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Showing content with the highest reputation on 05/05/20 in all areas

  1. Vandrovnik

    Function with just underscore _() seems to be valid

    With this info in mind, for bad customers you can start programming like that: const _ = 1; _____ = 2; x = _____ + (_-_-_) + 0 + _+0-0+_ ;
  2. That sums it up. Use the xml doc feature for methods and properties, and do it straight away. If it is postponed, it never happens. A colleague asked me on how to use a specific feature yesterday... So... I opened a couple of related units I wrote some time ago, and they had NO xml doc, so yeah, that never happened. The interface sections alone are 1070 and 350 lines, so... I guess I really should work more on my own documentation rather than offer advice To my defense, they are widely used in our projects, so there are plenty of usage examples
  3. dummzeuch

    Delphi Closedown Error

    BTW: Yesterday I finally found and fixed a problem in GExperts which caused an access violation on IDE shutdown (an OTAPI interface reference that wasn't released after use). But it was caught and logged by an exception handler, so nobody using a release version of GExperts should have seen it. The fix was exactly one line of code, but it took me hours to track it down. The fun with working on IDE plugins: You can reproduce the problem, you see the call stack, you can even single step to the last line of your own code before it happens, but then you only get lots of assembler code of the IDE and other plugins which tells you nothing about what happens.
  4. I'm gaining experience, with the mistakes and failures on the way. Rome wasn't built in a day. It shouldn't, but it gives me a little comfort knowing not everybody is perfect and I'm not the only one having odd 'relationship' with the documentation.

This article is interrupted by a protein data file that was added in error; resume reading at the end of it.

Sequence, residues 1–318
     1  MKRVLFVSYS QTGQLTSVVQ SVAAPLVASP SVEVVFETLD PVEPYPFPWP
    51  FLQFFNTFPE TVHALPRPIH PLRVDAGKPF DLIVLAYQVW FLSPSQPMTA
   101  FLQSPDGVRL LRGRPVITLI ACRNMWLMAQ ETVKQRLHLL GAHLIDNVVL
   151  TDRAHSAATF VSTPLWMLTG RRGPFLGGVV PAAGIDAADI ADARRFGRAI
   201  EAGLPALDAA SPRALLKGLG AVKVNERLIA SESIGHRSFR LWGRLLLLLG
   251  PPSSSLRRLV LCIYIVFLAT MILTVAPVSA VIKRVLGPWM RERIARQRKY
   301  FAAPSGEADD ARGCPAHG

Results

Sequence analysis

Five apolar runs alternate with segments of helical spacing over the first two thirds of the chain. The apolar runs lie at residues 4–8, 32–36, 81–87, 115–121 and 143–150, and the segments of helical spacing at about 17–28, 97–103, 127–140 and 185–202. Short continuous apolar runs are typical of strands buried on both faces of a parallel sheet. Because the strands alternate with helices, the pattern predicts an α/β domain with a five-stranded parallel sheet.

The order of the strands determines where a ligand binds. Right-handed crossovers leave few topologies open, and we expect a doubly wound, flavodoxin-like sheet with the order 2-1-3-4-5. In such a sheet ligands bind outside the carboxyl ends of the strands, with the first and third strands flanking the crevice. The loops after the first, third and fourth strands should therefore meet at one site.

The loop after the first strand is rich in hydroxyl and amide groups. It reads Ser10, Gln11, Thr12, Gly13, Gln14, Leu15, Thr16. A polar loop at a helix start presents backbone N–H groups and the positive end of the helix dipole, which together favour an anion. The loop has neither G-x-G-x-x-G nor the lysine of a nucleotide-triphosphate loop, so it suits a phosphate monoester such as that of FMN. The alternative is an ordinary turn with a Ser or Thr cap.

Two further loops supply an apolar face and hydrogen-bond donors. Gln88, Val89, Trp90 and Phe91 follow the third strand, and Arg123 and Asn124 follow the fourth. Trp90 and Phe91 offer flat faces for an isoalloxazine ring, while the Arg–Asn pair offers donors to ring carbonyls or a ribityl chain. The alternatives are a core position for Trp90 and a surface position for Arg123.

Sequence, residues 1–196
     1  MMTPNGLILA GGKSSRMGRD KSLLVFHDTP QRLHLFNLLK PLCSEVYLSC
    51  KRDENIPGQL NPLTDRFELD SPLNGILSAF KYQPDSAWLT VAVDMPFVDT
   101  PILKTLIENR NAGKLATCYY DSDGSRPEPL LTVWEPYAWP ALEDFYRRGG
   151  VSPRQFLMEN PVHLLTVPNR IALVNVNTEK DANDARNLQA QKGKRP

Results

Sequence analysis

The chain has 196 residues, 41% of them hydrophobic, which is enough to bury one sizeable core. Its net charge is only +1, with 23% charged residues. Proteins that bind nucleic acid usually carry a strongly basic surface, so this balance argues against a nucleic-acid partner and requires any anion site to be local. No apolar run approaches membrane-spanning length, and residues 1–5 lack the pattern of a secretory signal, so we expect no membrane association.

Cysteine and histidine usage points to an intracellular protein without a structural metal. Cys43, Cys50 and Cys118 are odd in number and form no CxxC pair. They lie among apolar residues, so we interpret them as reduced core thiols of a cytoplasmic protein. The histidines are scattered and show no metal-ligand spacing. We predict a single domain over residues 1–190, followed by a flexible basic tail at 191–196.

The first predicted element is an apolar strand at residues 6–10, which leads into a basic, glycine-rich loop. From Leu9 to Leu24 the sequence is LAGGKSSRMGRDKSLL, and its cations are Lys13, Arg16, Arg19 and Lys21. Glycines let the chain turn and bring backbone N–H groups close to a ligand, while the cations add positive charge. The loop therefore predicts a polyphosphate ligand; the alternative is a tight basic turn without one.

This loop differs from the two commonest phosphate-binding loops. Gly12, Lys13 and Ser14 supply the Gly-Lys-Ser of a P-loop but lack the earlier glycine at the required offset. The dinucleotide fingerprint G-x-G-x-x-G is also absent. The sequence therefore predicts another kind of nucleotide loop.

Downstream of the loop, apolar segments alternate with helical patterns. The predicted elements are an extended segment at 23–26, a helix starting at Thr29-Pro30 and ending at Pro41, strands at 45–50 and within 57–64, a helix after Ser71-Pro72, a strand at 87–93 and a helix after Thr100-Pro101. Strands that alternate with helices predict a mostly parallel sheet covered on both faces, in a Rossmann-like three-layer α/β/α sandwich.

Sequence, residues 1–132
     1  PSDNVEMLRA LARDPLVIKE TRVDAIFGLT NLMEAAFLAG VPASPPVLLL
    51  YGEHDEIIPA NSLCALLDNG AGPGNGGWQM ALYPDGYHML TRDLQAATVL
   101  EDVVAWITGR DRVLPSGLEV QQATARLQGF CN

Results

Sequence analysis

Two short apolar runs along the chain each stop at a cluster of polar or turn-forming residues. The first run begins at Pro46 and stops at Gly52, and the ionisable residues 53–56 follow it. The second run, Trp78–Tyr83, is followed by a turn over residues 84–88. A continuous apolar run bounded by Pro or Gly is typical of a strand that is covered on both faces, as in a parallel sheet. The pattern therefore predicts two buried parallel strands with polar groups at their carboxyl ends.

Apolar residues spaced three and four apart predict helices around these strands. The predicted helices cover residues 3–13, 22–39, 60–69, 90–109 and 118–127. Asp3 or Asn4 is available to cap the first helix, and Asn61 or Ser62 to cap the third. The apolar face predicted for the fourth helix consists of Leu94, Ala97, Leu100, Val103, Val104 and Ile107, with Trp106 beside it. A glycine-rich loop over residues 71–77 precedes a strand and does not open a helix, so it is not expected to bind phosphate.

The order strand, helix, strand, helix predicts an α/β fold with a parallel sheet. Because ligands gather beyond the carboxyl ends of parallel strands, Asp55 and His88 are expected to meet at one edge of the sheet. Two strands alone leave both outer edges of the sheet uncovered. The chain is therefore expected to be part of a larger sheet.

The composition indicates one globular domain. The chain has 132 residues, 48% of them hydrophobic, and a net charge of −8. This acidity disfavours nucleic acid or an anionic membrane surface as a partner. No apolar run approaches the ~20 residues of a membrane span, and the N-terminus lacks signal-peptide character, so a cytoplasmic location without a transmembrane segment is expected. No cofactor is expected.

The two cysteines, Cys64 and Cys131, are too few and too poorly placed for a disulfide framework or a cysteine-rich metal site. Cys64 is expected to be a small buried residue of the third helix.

5. So my first attempt with classes structuring in separate units was very successful. Very good separation of logic and presentation details, classes, inheritance, some poly-thingy probably and other... in multiple units. Nice and good. Happy. Now, 2 weeks later, I started a new feature and I said OK, let me review and see how I did it then, to start similar concept: Open main Form -> that feature is added as a Frame -> open Frame... aha, no code coupled with Controls, so I have no idea what is shown anywhere -> I want to see how I present data in one of the Virtual Treeviews -> I remember I used name something like 'presentation layer', where all data is 'pushed' to controls, so lets look for it -> Frame only uses main data class, in data unit, ok go there -> open main data unit -> search for 'presentation'.. found TPresentationLayer -> open presentation unit -> browse through TPresentationLayer class in presentation layer unit -> find OnGetText for Virtual Treeview, not the right one... browse through the next 2 OnGetText methods... aha: finally found the Array and what is presented in selected Virtual Treeview. I don't get it. At the time of implementing the feature it looked great, everything structured, nice, but I knew where everything was because I was working on the feature. 2 weeks later and it's like it's been 10 years, I'm looking where data is defined, where enums are used and how, where is Array filled, processed and the displayed. Luckily Ctrl+Click works very well so I can jump back and forth through units, if this wasn't working... I can't imagine. What am I doing wrong, did I do 'too much' separation of logic and UI? Do I have bad memory that I can't remember details of 6 small units for a feature, after 2 weeks? How do you deal with this, how do you find out later on what is where and all the details? Any advice appreciated, even though you can't see my code.